by Shannon Caughey
Coaches recognize that often the best defense is a good offense. What is true in sports is also true in life—including the life of following Christ. In this series of devotions, we are focusing on the role of hope in effective coaching and living. We considered the need to utilize a hope-strengthened defense in the last devotion. We resist the efforts of sin and evil to pull us in through putting on the protection God gives us, including “the hope of salvation as a helmet” (1 Thess. 5:8). Our hope in Christ is our defense against the darkness around us.
Coaching and living for Christ, however, is not just about playing defense. We thrive when we implement good offense—and hope has an essential role in this as well. The Apostle Paul outlines our scheme for offense in Titus 2:11-14 –
“11 For the grace of God has been revealed, bringing salvation to all people. 12 And we are instructed to turn from godless living and sinful pleasures. We should live in this evil world with wisdom, righteousness, and devotion to God, 13 while we look forward with hope to that wonderful day when the glory of our great God and Savior, Jesus Christ, will be revealed. 14 He gave his life to free us from every kind of sin, to cleanse us, and to make us his very own people, totally committed to doing good deeds.”
Like most schemes coaches employ, this Titus 2 offense includes foundational principles, what should be avoided, and what must be pursued.
1. Build on these foundational principles: hope in Christ inspires us, grace in Christ enables us.
A good offensive scheme is built on foundational principles. For example, in basketball a key principle might be, “Every time you pass, always screen away.” According to Titus 2, our coaching-and-living-for-Jesus offense is built on two principles. First, we look forward with hope to Christ’s return (v. 13). Our confidence that Jesus will one day bring in the fullness of his kingdom inspires us to live out his kingdom values and purposes in the present—even when those around us are not. Second, since we have already experienced the reality of Christ’s grace when he saved us (v. 11), we rely on his grace to enable us to coach and live for him. We hold fast to these principles day by day: hope in Christ inspires us, and grace in Christ enables us.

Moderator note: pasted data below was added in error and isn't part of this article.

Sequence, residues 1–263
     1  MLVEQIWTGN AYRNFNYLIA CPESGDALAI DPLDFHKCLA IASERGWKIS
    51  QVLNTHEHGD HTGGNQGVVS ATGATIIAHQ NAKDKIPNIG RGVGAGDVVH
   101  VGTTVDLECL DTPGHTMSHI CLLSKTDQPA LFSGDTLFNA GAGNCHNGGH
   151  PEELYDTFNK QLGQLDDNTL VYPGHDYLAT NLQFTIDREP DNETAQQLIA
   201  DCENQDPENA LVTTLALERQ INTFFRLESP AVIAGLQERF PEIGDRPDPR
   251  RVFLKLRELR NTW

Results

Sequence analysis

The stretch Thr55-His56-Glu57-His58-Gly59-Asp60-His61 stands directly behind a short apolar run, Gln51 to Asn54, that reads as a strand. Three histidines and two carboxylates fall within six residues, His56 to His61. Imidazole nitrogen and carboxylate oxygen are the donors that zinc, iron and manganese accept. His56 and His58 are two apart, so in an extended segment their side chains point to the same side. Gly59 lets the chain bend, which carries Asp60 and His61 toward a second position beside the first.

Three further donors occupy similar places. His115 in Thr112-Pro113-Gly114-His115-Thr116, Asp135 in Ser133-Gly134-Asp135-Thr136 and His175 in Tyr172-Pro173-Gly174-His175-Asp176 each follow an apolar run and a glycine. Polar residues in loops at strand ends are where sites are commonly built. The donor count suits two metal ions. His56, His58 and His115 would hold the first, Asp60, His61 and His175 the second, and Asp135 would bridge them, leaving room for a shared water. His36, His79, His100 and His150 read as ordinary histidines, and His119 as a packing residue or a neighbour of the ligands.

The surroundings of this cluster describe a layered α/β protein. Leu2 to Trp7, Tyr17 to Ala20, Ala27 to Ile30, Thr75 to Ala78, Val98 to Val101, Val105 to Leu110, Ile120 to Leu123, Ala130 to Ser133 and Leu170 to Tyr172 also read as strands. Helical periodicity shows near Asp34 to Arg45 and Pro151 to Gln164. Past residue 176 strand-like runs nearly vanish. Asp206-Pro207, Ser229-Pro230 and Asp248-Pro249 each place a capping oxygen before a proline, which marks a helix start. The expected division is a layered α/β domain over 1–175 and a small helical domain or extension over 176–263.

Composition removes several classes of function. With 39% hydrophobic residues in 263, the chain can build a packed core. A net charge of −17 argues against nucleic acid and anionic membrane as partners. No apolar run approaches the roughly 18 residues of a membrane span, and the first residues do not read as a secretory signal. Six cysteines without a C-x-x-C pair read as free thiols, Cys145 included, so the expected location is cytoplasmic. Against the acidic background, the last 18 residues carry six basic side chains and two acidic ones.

2. Intentionally avoid the sin and godless living that dishonor Christ.
Effective offensive schemes typically include directives about what to avoid. In football, you might stay away from plays that run the ball toward the side of the opposing team’s all-state defensive end. To coach and live for Jesus, we must intentionally “turn from godless living and sinful pleasures” (v. 12). This requires swimming against the current of what others are doing, but we desire to avoid anything that dishonors Christ. “He gave his life to free us from every kind of sin” (v. 14). With this hope of experiencing true freedom and with the confidence that Christ’s grace enables us, we resolve to stay away from the destructiveness of sin.
3. Consistently pursue the character and purposes of Christ.
Good offensive schemes also emphasize elements that are consistently pursued. For example, softball or baseball coaches may instruct their hitters to always take a particular 2-strike approach. To effectively coach and live for Christ, according to v. 12 we must consistently pursue wisdom (the understanding of how to apply God’s Word to our specific situations), righteousness (the character of Christ that leads us to think, speak, and act in Christ-reflecting ways), and devotion to God (the resolve to follow the Lord and his purposes at all times). Consistently pursuing these qualities compels us to be “totally committed to doing good things” (v. 14). In all this, we have the hope that the glory of Jesus will be seen through us in our context, knowing that one day his glory will be fully revealed (v. 13).
This is the coaching-and-living-for-Jesus offense that will lead you to thrive. When you put your trust in Christ, you have been saved by Jesus, you can avoid the choices that dishonor Jesus, and you can go after the good purposes Jesus has for you. Motivated by the hope you have in Christ, implement this Titus 2 scheme day by day.
For reflection: What specifically challenged you from Titus 2:11-14? Take a few minutes to talk with the Lord about this. Thank him for the grace and hope he gives you.